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Lesson 7: Major Scale Harmonization Part 1: Triads



Tertian Harmony - Whoa. There's a word you can throw out at cocktail parties. OK, if you don't already know, tertian harmony refers to the harmonic system based on the interval of a 3rd.

An example of this is chords which are constructed by stacking intervals of a 3rd, one on top of another.

Don't worry about being able to spell or define tertian harmony, just be conscious of the concept of stacking 3rds to create harmony for the major scale.



Triads


Let's start with triads. These are the most simple chords of western music. These chords are called triads because they consist of three notes; each note spaced a 3rd apart from the one preceding it. Simple definition: triads are three note chords constructed by stacking thirds. There are four basic triads that I'll talk about in this chapter: Major, Minor, Augmented, and Diminished. The table below shows how these triads are constructed.


Triad Quality
Interval Construction
Ascending Stacked Thirds
Examples of Chord Spellings
Major Triad
1 - M3 - P5
M3 - m3
F A C
Minor Triad
1 - m3 - P5
m3 - M3
D F A
Augmented Triad
1 - M3 - A5
M3 - M3
G B D
Diminished Triad
1 - m3 - D5
m3 - m3
B D F




Actually there are only seven basic triad spellings: CEG, DFA, EGB, FAC, GBD, ACE, & BDF. You will run into different variations on these, such as CEbG, or DFA, or even GBD. But as far as grouping the notes together, the seven combinations listed above are the only ones. If you don't believe me, try to spell a triad without using one of the above groupings. Triads are built on thirds; you won't have DGbA because G is not a third away from D, it is a diminished fourth. So, instead of saying DGA, you would say DFA, because F is a major third away from D. This information will be another tool in keeping musical concepts clear in your mind.


Try this: Build a minor triad off C. You would know that the notes used in making a C triad are C - E - G. So you take CEG and add the appropriate or needed to make it a minor triad. You know that to make a minor triad you have to start with a minor third interval. C to E is a major third, so you need to lower the E a half-step to make the triad minor - C - E - G.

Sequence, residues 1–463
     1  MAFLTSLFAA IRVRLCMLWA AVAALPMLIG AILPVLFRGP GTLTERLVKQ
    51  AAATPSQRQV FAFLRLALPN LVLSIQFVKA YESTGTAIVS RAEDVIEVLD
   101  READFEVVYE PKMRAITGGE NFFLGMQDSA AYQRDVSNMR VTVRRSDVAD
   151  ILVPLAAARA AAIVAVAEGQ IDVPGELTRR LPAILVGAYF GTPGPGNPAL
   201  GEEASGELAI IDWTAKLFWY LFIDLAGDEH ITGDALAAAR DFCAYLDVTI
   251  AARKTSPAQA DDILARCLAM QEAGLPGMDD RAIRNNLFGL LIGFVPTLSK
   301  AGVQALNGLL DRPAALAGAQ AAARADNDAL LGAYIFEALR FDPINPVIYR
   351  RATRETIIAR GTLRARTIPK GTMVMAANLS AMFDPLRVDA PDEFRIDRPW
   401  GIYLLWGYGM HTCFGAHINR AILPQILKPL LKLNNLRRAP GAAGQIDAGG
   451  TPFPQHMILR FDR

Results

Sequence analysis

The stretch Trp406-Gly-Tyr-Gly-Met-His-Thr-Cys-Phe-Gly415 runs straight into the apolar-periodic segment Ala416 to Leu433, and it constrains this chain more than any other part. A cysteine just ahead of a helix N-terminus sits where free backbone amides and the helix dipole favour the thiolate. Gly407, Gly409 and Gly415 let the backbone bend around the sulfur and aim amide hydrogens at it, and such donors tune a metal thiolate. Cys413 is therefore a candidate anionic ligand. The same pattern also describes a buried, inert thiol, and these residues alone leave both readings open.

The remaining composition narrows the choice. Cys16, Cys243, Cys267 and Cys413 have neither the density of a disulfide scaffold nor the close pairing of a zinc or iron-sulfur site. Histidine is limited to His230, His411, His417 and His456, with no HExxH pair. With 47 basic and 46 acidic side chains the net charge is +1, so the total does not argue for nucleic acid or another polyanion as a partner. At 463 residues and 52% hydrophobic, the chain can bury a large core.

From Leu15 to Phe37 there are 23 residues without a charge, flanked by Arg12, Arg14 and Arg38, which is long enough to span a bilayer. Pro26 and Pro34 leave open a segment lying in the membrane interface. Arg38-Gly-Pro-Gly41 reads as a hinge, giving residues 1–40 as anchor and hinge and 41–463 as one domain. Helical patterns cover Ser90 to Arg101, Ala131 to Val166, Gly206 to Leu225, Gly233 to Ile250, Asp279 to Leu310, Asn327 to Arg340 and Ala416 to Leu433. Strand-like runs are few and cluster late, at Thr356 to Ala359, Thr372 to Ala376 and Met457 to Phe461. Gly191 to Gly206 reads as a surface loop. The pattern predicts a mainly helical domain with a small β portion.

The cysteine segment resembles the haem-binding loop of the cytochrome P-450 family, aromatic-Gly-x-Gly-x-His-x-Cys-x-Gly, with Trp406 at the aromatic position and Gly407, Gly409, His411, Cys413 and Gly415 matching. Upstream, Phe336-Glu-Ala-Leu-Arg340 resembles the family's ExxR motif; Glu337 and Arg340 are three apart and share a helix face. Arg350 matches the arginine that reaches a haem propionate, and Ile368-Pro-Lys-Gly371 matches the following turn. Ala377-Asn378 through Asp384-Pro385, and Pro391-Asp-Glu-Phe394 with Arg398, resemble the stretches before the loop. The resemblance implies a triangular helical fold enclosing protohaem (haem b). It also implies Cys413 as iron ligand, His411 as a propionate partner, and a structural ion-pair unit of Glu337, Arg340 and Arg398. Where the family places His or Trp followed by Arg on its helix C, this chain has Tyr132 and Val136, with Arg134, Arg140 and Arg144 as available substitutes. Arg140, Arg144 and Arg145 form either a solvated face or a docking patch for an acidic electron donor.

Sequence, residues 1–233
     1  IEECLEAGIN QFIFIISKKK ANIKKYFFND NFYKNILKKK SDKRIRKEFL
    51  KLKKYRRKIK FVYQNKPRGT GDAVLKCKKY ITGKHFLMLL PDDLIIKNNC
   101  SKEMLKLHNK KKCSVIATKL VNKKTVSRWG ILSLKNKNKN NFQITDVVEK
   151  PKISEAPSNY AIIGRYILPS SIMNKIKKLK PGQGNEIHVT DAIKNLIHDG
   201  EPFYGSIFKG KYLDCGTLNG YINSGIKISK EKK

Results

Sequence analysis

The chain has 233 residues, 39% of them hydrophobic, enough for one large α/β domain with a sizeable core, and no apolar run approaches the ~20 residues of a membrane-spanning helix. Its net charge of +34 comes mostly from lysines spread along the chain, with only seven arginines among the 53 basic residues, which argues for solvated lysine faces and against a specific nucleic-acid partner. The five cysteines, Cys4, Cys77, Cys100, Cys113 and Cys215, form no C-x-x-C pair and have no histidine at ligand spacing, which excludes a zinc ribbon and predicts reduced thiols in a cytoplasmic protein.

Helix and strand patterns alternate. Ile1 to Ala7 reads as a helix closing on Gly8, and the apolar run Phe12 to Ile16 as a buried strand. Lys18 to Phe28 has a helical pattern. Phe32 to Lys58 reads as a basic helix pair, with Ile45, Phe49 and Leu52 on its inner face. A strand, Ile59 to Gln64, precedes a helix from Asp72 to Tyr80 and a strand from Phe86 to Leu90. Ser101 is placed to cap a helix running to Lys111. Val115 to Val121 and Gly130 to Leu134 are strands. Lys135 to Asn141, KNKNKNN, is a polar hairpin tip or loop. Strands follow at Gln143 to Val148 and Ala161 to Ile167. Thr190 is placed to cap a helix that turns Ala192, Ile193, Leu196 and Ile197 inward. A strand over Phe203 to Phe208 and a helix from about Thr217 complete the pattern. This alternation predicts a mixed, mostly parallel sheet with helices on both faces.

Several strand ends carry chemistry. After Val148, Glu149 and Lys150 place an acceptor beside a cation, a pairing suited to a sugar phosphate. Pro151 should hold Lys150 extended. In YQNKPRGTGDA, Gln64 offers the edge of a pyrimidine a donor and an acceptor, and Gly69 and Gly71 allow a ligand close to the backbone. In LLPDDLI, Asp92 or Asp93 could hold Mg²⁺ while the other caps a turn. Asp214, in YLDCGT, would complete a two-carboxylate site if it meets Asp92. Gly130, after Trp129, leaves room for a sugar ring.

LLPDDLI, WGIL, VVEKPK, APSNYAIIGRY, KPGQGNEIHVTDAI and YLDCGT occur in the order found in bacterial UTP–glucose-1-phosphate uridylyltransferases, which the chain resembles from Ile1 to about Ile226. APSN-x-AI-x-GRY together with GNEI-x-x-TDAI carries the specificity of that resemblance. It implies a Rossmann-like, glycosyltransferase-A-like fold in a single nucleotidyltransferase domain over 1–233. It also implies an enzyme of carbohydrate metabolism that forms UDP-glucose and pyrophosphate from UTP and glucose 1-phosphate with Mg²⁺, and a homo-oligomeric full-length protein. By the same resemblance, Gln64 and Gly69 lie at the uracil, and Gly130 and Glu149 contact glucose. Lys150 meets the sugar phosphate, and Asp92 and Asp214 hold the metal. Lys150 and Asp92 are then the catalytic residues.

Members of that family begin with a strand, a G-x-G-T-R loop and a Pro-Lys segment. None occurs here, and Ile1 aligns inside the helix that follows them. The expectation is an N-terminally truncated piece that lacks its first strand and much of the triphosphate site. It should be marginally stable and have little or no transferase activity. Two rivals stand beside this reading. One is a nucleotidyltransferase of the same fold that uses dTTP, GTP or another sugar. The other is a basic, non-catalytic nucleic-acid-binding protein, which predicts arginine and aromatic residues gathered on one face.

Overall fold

Say you want to make a diminished triad off D. You know that a diminished triad is constructed by stacking two minor thirds. Start by taking the D triad: DFA. Now check out the construction: D to F is a minor third - that works. Now F to A is a major third. That's not going to work, so lower the A one half-step, making it A. Now your D diminished triad is complete: DFA.

Exercise #1:

On a sheet of blank notebook paper write out the triads in the order that you see them below.


CEG DFA EGB FAC GBD ACE BDF


Write this over and over again and spell the triads out loud as you write them. When you've filled the front and back of the paper get a clean sheet and do it again (if you don't have severe writer's cramp). Every chance you get, say these seven triads out loud to yourself. Within two days of doing this you will have these triad spellings Eternally Memorized (whoa).


Next, memorize the quality of the triad: CEG is major, DFA is minor, EGB is minor, etc. These triads are the natural triads in the key of C. Having this information memorized is just one more step to eliminating a lot of on-the-spot thinking.


These exercises in this section should provide you with a good start on understanding the construction of triads, but, for the next couple of weeks or so, make up more of the exercises on paper. Also, when you have spare time, drill yourself verbally.





Exercise #2:



Complete the following triads from the given roots. Use the diagrams on the first page of this chapter if necessary. I've done the first four as an example.


Major triad off A --- AC E

Minor triad off A --- A C E

Augmented triad off A --- A C E

Diminished triad off A --- A C E

Major triad off B

Minor triad off B

Augmented triad off B

Diminished triad off B

Major triad off C

Minor triad off C

Augmented triad off C

Diminished triad off C

Major triad off D

Minor triad off D

Augmented triad off D

Diminished triad off D

Major triad off E

Minor triad off E

Augmented triad off E

Diminished triad off E

Major triad off F

Minor triad off F

Augmented triad off F

Diminished triad off F

Major triad off G

Minor triad off G

Augmented triad off G

Diminished triad off G



Harmonizing the Major Scale Using Triads





Now that you have (or should have) a strong grasp of triads, let's place them in the order in which they occur in the major scale.


Each note of the scale has its own triad, so in every key there are 7 triads (Roman numerals are the standard way to denote these chords): the I chord, the ii chord, the iii chord, the IV chord, the V chord, the vi chord, and the vii

Capital letters indicate major triads, small letters indicate minor triads, and the placed next to a small triad indicates a diminished triad. You'll notice that triads I, IV, and V are major; ii, iii, and vi are minor; and vii is the only diminished triad. The following table should help summarize this in a clearer format. It is extremely important that you memorize this information!




Major Progression
Chord Cymbol
Quality of
Triad
I
major triad
ii
minor triad
iii
minor triad
IV
major triad
V
major triad
vi
minor triad
vii
diminished triad















Copyright 2001 T.A. Vieira, Jr.
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